2 tablespoons fresh mint leaves, coarsely chopped, plus extra for garnish

1. Place the salmon in a medium bowl. Whisk the marinade ingredients in a small bowl. Pour over the salmon and stir to coat. Refrigerate for 30 minutes.
2. Remove the tough ribs from the kale and tear the leaves into bite-size pieces. Place in a large bowl and drizzle with 1 tablespoon oil, the lemon juice, and season with 1/8 teaspoon salt. With your hands, toss and rub the leaves to thoroughly coat for about 1 minute. Let stand at room temperature.
3. Whisk the remaining 2 tablespoons oil, the vinegar, 1/4 teaspoons salt, and the black pepper in a small bowl.
4. Preheat the oven broiler.
5. Thread the salmon on the skewers and discard the marinade. Arrange the skewers on a grill pan and place on the top rack under the oven grill. Grill until cooked through and well marked in places, about 8 minutes, turning the skewers once.
6. While the skewers are grilling, assemble the salad. Add the cauliflower, quinoa, carrot, chile pepper, cilantro, and mint to the kale. Drizzle with the dressing and toss to coat.
7. To serve, spread the salad on a platter or individual serving plates. Top with the salmon skewers and garnish with additional mint.

Cider Brined and Grill Roasted Turkey

Do brine or not to brine?
In my opinion, brining is worth it – all you need is time. Follow these steps, and you will have an unfailingly moist and flavorful turkey with a crisp and crackly skin.

Brined, Air-Dried, and Grill-Roasted Turkey

My favorite way to make a turkey is to brine it – not dry brine, but in a liquid, for 24 hours. Then I remove it from the brine and let it sit uncovered in the refrigerator overnight to dry out. This ensures that the skin will not be soggy, but sufficiently dry of moisture so that it will roast, or in this case grill, to crispy perfection. Before roasting, I allow it to sit at room temperature for 1 hour, to ensure even cooking, and then I roast it on the grill. The grill? Yep. Not only am I partial to my gas grill for all sorts of cooking, I only have one oven. So when the holidays roll around and the kitchen and its appliances kick into overtime, I rely on my handy outdoor grill to step in for roasting. It’s simple to do over indirect heat, much like the indirect heat of your oven. Just pay attention to the temperature, and rotate the turkey for even cooking. The added bonus is that the grill will burnish your turkey a gorgeous mahogany color, a hue I have never achieved in my kitchen oven. So there you have it.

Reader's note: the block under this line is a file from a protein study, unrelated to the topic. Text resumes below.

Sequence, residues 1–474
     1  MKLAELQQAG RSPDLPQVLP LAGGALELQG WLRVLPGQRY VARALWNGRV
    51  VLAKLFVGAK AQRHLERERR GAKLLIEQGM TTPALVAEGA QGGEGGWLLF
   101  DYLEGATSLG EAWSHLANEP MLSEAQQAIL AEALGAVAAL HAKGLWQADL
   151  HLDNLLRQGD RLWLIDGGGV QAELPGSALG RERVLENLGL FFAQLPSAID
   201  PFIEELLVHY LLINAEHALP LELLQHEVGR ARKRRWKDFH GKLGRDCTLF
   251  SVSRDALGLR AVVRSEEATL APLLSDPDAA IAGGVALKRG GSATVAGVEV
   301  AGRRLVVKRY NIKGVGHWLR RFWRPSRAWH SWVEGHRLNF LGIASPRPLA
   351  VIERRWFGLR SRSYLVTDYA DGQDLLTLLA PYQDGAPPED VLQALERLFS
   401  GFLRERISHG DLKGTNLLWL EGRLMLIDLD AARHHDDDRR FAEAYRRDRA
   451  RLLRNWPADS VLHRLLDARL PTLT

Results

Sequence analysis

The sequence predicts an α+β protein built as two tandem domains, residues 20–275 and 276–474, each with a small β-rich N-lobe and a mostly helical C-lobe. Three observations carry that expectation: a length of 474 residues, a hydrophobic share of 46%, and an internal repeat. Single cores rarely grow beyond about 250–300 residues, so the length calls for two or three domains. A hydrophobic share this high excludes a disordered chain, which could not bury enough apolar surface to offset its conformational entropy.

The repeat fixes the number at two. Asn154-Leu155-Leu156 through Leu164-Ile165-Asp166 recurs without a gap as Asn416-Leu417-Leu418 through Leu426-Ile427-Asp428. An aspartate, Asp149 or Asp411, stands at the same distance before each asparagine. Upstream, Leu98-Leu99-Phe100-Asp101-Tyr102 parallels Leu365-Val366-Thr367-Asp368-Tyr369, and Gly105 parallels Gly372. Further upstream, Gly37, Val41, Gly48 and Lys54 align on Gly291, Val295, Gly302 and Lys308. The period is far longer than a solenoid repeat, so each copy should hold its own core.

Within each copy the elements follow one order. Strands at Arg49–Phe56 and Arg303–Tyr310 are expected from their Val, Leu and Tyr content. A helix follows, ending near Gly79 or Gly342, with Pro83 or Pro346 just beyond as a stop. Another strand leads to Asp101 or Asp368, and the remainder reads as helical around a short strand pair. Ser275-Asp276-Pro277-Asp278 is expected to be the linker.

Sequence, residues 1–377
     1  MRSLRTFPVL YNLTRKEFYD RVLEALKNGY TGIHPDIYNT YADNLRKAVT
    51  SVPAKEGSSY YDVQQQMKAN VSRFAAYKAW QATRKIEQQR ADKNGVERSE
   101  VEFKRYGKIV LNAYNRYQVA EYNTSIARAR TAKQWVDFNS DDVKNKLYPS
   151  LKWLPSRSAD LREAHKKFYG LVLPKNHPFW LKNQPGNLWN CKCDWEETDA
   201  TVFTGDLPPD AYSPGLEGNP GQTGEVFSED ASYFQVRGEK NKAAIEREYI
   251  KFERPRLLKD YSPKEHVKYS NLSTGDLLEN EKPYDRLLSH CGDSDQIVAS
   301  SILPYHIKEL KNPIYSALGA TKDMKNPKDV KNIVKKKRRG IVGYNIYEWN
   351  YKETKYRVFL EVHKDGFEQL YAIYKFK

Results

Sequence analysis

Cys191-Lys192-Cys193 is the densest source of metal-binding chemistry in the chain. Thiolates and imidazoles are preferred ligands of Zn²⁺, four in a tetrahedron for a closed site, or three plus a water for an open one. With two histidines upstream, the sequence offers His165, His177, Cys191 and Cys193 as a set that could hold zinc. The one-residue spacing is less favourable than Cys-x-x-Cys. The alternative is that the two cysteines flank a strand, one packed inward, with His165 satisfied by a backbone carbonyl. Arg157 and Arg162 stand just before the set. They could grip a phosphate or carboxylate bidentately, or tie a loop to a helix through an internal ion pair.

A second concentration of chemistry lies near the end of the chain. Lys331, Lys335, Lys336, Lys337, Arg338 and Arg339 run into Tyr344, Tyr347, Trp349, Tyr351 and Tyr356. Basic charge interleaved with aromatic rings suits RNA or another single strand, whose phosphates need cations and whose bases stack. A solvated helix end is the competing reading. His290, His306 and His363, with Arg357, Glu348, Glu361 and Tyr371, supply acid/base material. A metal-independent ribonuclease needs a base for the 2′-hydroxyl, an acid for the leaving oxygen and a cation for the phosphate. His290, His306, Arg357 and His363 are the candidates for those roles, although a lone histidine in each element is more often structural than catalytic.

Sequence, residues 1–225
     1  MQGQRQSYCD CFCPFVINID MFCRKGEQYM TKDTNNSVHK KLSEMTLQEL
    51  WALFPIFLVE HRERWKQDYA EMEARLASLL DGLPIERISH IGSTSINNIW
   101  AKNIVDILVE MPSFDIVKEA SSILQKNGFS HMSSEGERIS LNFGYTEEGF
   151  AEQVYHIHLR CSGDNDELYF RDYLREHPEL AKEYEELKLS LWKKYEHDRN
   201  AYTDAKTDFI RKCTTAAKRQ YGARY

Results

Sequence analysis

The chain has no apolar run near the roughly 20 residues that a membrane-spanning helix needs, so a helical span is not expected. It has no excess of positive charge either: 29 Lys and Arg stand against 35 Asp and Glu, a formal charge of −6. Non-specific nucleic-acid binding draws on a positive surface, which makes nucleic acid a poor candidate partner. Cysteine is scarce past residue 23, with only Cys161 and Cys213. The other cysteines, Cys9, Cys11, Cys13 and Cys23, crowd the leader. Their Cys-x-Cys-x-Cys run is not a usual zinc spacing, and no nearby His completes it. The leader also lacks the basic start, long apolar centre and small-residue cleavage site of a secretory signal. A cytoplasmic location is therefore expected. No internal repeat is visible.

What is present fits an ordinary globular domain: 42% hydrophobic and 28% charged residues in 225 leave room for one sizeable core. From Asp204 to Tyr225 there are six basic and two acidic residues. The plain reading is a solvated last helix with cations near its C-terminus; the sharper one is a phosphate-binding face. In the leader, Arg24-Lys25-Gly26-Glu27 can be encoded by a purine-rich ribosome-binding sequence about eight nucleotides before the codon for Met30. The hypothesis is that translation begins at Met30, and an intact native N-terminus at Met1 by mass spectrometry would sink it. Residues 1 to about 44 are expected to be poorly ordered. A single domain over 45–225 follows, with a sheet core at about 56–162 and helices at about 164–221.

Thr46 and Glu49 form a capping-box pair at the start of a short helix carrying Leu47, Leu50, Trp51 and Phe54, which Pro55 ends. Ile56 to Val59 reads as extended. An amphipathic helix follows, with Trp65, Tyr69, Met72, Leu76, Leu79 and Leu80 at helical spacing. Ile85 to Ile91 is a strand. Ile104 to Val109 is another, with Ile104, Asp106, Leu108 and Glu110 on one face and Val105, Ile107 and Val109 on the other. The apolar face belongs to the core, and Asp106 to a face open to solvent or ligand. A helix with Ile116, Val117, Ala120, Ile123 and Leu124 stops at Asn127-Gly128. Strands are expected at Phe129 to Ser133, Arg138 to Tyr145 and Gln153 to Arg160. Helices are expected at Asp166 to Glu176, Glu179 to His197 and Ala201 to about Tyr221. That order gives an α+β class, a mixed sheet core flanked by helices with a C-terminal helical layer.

The turkey pictured is a 20 pounder, but generally, I roast a 16 to 18 pound bird. My family and I don’t like stuffings, so I fill the cavity of the turkey with handfuls of herbs, a quartered onion, and a quartered lemon, while taking care not to pack in too much. Once the turkey has finished cooking and while it’s resting (for at least 30 minutes) I remove the herbs and wedges and replace with a fresh bunch of herbs for decoration before carving. This step is necessary in order to show off the gorgeous results – and, boy, are they gorgeous.

So, go ahead and work these simple steps into your pre-Thanksgiving plan. You can do one step a day: Begin on Monday with the brine and finish with grilling on Thursday for a spectacular Thanksgiving turkey. It’s worth it.

Cider Brine:
3 quarts water, divided
1 quart apple cider
1 cup kosher salt
1 medium onion, quartered
1 small bunch fresh sage and/or rosemary sprigs
3 garlic cloves, smashed but intact
3 bay leaves
2 tablespoons whole black peppercorns
1 tablespoon whole coriander seeds
Peeled zest of one orange

To brine the turkey, you will need enough space in your refrigerator for a container large enough to hold your turkey submerged in the brine. This can be cumbersome, but it’s worth it, in my book.  I have used a plastic storage box in the past, but now rely on a cooler, in which I pour the brine directly to cover the turkey. I then leave the cooler outside overnight (note: this is only practical if the outside temperature is as cold as your refrigerator).

1. Make the brine: Combine 1 to 2 quarts water, the salt, onion, sage or rosemary, garlic, bay leaves, peppercorns, coriander seeds, and the orange zest in a large stockpot. Bring to a boil, stirring to dissolve the salt. Remove from the heat and add the remaining water and the cider; cool thoroughly (or chill overnight).